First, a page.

Private First Class Gener Tinangag never said anything about the hardship of his work as one of the Marines who risked his life in war-torn Marawi City at the height of the fighting between the government troops and the Maute Group last week.
“It’s okay now. At least my younger sister finished college” were the last words of the young Marine, according to his comrades, who then relayed them to his eldest sister Novelyn.
Novelyn described her brother as a sturdy young man, well focused in his responsibilities to his family, but he would not be dissuaded from his wanting to join the Marines.
“It’s a job and I am going to take it. Don’t worry. If it’s God’s will for me to die as a Marine, so be it. Everybody has to face death in their lifetime,” Pfc Tinangag told Novelyn and their mother when he learned that he was going to be stationed in Cotabato after his finishing his Marine basic training in Taguig.
His mother Marcia said she pleaded with him to finish his studies as a fourth year criminology student at the University of Baguio. She said her son only needed to finish one semester, a few months of on-the-job training (OJT), and then he would graduate with a Bachelor of Science in Criminology degree. But when he passed the exam at the Marine recruitment unit, he focused on joining the corps.
“He was so eager to work and help his siblings to finish their education, and he was also about to become a father to his now two-year-old son,” Marcia recalled.
“‘Ma, I do not like hunting for a job later after graduation,’ was his answer to me,” said his mother.
“I never thought he would be gone so soon, but now it is real,” she said. She added that she and her husband are still devastated over the death of their only son.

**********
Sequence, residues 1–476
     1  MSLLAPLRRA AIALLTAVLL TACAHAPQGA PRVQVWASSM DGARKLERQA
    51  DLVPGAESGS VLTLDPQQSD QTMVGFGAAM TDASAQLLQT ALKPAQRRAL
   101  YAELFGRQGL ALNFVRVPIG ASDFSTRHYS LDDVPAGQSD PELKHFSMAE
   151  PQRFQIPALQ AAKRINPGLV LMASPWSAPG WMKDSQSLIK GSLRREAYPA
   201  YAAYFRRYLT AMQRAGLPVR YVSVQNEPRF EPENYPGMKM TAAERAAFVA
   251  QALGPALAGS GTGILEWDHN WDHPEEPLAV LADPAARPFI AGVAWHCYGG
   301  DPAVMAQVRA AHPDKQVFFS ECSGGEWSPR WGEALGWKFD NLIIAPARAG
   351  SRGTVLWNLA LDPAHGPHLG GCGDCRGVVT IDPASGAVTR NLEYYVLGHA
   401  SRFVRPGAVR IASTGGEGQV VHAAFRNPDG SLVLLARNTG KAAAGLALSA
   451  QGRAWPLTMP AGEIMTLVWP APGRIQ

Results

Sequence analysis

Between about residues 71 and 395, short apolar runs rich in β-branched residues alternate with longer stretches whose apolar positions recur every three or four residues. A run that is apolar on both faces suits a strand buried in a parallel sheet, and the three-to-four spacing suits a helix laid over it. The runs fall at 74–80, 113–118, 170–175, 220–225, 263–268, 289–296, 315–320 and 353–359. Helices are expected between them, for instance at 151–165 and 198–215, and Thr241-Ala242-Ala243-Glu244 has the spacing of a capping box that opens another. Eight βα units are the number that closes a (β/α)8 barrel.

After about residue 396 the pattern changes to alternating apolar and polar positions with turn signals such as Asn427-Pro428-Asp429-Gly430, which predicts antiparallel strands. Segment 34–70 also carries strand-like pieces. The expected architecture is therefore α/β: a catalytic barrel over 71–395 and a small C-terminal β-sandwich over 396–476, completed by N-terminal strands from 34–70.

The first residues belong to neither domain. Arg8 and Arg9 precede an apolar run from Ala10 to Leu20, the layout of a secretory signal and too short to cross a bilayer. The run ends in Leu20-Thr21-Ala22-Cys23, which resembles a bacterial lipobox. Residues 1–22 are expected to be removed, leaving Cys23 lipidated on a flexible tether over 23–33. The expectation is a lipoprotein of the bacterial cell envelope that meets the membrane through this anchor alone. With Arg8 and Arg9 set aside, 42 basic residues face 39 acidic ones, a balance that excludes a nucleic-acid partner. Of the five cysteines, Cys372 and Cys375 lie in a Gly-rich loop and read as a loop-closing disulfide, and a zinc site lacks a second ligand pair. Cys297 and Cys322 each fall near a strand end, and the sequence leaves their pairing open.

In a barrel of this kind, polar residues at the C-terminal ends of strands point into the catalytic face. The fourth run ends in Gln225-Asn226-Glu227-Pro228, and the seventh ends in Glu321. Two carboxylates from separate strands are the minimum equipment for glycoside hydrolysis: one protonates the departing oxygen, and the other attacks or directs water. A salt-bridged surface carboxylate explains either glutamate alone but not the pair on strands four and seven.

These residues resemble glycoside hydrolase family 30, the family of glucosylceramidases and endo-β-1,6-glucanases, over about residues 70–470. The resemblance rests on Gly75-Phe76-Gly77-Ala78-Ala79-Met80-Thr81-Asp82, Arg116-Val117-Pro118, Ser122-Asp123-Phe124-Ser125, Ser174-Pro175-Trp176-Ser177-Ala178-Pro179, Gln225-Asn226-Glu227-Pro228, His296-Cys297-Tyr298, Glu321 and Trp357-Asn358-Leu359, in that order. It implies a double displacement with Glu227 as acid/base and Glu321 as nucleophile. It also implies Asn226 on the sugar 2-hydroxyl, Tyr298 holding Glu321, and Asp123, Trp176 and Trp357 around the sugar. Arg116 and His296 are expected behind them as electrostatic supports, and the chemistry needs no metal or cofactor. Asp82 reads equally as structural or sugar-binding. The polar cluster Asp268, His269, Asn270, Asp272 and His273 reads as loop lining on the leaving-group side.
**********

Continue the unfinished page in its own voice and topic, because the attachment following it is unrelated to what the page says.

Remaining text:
His father, Aram Tinangag, went ahead to their hometown in Kadaclan, Barlig, Mountain Province, to arrange for the burial site for their son, Marcia said. Pfc. Tinangag, 24, left his wife Jasmin Joy and two-year-old son Clark Mayner.
His comrades lauded him for his bravery in saving several wounded fellow Marines in the battlefield before he was shot by a sniper bullet during the Marine operation in Marawi. He was among the 13 Marines who lost their lives that day.
Sister Novelyn said his death pains their family so much. He was the only male in a brood of five “He was the third child. I never had any problems with him. He was always obedient, and focused on helping his family,” she added.
“We shared financial responsibilities in our younger siblings’ education; that is why maybe his last words were about our sister Jet, who recently graduated from college with a BS in Political Science,” Novelyn said.
Novelyn added that before the Marawi incident, Pfc. Tinangag was eager to have his few days vacation to see his family and son, whom he missed so much.
“I do not know how little Mayner can handle this,” Novelyn said. “Before we learned of his death, his son was heard saying, ‘Papa Boom,’”
“His comrades who rescued him said that he was still breathing when they carried him to the ambulance, after which he said to his comrades his last words before expiring at the hospital,” Novelyn. Said.